A network representation of human metabolic pathways. Layout and network construction were performed using the Biolayout software [33]. Each node represents one of the pathways from Table 2, the links between the nodes were retrieved from the KEGG database diagrams. The full names of the pathways are listed in Table 2. (A) The complete network; (B) Universal pathways; (C) The eukaryotic-, metazoan- and vertebrate-specific pathways – universal pathways are omitted for clarity.

With the exception of two pathways (linoleic acid metabolism and selenoamino acid metabolism), all universal pathways form a connected component of the network (Figure 1B). The most highly-connected nodes represent pathways involved in carbohydrate metabolism: the glycolysis/gluconeogenesis pathway, TCA cycle, and pyruvate metabolism (20, 17, and 13 edges respectively). Other highly-connected nodes (at least 10 edges) are two amino-acid synthesis pathways (alanine and aspartate metabolism, glycine serine and threonine metabolism).

When constructing a network only from the lineage-specific pathways, one can observe that, unlike the case of universal pathways, lineage-specific pathways do not form a single-component network (Figure 1C). The lineage-specific pathways are clustered into seven single-node components and seven networks where the number of nodes ranges between two and seven.

Our analysis demonstrates that the conserved core of metabolism, reported to be common to all domains of life, forms a structural core component of the metabolic network (the universal pathways in Figure 1). Within the formed network, we observe that lineage-specific pathways are added to the core component of the network in two characteristic ways: with direct links, or the formation of peripheral extensions. Lineage-specific pathways which are involved in amino-acid metabolism are in all cases linked directly to the universal-core network. Lineage-specific pathways which are involved in lipid metabolism and glycan biosynthesis are in most cases clustered into a few network components which are added as external extensions to the core network of universal pathways (the sub-networks are marked in Figure 1A). Since the latter have a significant contribution to the appearance of mammalian-specific phenotypes, we have studied in detail the structure of the network formed by the reactions from these pathways. As discussed below (and demonstrated in Figures 2, 3, 4), in all these sub-networks the phylogenetic view of the pathway underlines how gradual accumulation of reactions corresponds to the appearance of lineage-specific phenotypes. The significance of these pathways to the emergence of the eukaryotic cell and the appearance of multicellular animals is further discussed below.

Figure 2
figure 2

Phylogenetic structure of the N-glycan biosynthesis pathway. The diagram was constructed according to information in the KEGG database. Each box represents a reaction and each oval box represents a pathway. The colors represent the estimated phylogenetic origin of the reactions and pathways (as listed in Table 2).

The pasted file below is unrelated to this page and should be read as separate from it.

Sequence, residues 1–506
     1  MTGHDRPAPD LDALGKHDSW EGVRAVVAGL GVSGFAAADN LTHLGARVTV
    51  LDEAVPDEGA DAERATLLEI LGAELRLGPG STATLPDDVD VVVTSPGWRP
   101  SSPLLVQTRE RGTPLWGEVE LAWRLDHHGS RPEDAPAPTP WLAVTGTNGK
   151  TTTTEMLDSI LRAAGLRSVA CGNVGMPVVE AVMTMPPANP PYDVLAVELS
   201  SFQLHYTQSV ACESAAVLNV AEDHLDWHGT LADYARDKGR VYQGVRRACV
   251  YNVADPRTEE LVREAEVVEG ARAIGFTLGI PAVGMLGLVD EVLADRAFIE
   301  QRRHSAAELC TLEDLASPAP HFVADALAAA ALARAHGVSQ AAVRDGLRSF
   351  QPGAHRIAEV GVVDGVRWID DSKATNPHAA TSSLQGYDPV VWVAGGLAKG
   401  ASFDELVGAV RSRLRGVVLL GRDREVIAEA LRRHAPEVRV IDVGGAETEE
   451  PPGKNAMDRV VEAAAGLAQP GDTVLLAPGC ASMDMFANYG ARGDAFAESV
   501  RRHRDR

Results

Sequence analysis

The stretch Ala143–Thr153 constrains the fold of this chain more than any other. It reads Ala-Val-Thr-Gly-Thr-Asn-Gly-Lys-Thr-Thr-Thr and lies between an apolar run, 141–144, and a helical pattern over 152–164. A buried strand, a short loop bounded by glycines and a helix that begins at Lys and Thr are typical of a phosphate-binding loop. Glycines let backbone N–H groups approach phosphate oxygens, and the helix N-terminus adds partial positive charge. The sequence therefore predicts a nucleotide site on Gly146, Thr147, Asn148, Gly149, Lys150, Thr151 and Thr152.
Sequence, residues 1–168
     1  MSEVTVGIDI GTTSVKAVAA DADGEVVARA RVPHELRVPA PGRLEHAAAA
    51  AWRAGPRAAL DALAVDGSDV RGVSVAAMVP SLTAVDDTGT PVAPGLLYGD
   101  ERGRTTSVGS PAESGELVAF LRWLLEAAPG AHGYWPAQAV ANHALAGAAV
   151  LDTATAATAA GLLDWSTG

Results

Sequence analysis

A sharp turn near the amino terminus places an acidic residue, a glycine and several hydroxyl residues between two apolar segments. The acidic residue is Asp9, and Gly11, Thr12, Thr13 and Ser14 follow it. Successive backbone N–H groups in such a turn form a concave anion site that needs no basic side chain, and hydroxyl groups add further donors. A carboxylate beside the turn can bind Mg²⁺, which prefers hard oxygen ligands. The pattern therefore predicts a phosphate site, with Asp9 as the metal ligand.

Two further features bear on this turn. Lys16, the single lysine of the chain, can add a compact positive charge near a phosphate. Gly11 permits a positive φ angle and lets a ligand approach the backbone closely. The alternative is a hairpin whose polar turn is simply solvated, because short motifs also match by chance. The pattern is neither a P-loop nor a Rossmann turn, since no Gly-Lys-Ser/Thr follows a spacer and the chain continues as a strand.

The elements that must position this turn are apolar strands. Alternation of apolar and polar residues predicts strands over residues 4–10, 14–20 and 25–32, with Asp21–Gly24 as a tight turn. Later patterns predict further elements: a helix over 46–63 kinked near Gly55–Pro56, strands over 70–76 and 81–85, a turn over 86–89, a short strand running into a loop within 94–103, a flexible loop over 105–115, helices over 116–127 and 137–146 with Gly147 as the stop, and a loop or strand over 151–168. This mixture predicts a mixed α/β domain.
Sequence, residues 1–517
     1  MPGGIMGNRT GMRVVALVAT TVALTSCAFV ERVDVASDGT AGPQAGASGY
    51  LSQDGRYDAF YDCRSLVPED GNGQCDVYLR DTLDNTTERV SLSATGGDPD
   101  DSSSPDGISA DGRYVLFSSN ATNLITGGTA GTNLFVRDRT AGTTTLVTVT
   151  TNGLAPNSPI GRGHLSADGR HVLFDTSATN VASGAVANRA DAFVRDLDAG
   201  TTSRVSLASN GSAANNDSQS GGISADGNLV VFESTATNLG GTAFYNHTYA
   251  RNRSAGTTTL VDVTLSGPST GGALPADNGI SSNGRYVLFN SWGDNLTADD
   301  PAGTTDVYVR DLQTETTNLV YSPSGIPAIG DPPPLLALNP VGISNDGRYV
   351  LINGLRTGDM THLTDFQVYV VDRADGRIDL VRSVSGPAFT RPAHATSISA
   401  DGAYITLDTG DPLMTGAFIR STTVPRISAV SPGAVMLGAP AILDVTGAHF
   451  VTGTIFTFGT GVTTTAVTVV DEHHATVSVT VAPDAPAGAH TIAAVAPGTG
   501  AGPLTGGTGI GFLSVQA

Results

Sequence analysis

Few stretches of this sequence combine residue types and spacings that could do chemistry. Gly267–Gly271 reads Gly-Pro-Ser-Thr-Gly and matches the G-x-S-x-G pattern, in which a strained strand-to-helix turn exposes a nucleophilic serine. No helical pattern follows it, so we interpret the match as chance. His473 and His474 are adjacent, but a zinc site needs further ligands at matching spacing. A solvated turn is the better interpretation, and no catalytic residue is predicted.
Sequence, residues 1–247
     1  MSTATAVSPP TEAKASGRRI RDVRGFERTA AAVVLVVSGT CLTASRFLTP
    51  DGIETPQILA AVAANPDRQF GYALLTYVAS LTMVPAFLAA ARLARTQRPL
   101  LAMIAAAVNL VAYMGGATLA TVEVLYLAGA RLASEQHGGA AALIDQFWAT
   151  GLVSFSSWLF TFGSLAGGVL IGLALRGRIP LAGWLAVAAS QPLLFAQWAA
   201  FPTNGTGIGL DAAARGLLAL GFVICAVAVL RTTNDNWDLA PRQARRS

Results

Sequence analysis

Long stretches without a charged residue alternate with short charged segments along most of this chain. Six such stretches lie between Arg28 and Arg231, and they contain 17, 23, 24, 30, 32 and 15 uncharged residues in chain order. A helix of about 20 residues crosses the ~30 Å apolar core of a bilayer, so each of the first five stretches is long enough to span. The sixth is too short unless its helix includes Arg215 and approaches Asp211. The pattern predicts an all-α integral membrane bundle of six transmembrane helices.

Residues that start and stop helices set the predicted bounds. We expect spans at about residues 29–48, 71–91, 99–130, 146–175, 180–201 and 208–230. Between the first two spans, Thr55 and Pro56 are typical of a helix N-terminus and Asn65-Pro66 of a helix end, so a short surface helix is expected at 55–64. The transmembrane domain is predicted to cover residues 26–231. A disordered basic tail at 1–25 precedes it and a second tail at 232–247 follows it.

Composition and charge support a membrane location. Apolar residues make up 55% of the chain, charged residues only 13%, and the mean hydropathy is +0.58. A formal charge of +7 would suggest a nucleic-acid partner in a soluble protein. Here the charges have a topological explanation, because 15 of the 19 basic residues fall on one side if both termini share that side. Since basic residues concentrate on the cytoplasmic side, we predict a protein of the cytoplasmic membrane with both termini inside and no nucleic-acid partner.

Figure 3
figure 3

Phylogenetic structure of the sphingolipid metabolism pathway. Diagram construction and display conventions as in Figure 2.

Figure 4
figure 4

Phylogenetic structure of the cholesterol biosynthesis pathway. Diagram construction and display conventions as in Figure 2.


The classification approach taken here has assigned the N-glycan biosynthesis pathway as universal. This pathway leads to more recent, lineage-specific pathways (Figure 1A), which are involved in the biosynthesis of glycoproteins with specialized functions in specific vertebrate tissues. The classification of the pathways correspond with current knowledge, where the glycosylation of proteins is considered to have originated in a prokaryotic, pre-compartalized, ancestor and have gradually evolved into a multi-stages, tissue-specialized process. The individual reactions and their phylogenetic origins are shown in greater detail in Figure 2. The evolution of the pathway provides an example for the contribution of the compartalization of the eukaryotic cell to the appearance of novel extracellular molecules, and to their further specification in the tissues of high-animals.

Glycosylation is the attachment of a carbohydrate residue to a protein [23], and it is the most frequent post-translational modification in eukaryotic species [24]. In mammals, the glycosylation of proteins begins in the endoplasmic reticulum (ER) with the synthesis of a large oligosaccharide residue (Glc3Man9GlcNAc2), which is transferred to nascent polypeptide chains (Figure 2). Following its transfer, Glc3Man9GlcNAc2 undergoes trimming of the glucose and some of the mannose residues, first in the ER and then in the Golgi, in order to build it up again with different sugars to form complex N-glycans [25].

The evolutionary origin of the mammalian glycosylation can illuminate the significance of this complex process. The synthesis of N-linked glycans (which takes place in the ER) stems from homologous processes in the plasma membrane of archaea or bacteria [24]. The early stages of glycosylation are homologous between prokaryotes and eukaryotes where both use similar mechanisms to transfer the oligosaccharide residue (yellow boxes in Figure 2). In contrast, the identity of the oligosaccharide residue is not conserved between eukaryotes and prokaryotes. Whereas prokaryotic species exhibit a great diversity with regard to the oligosaccharide used, almost all eukaryotes transfer the same structure – Glc3Man9GlcNAc2.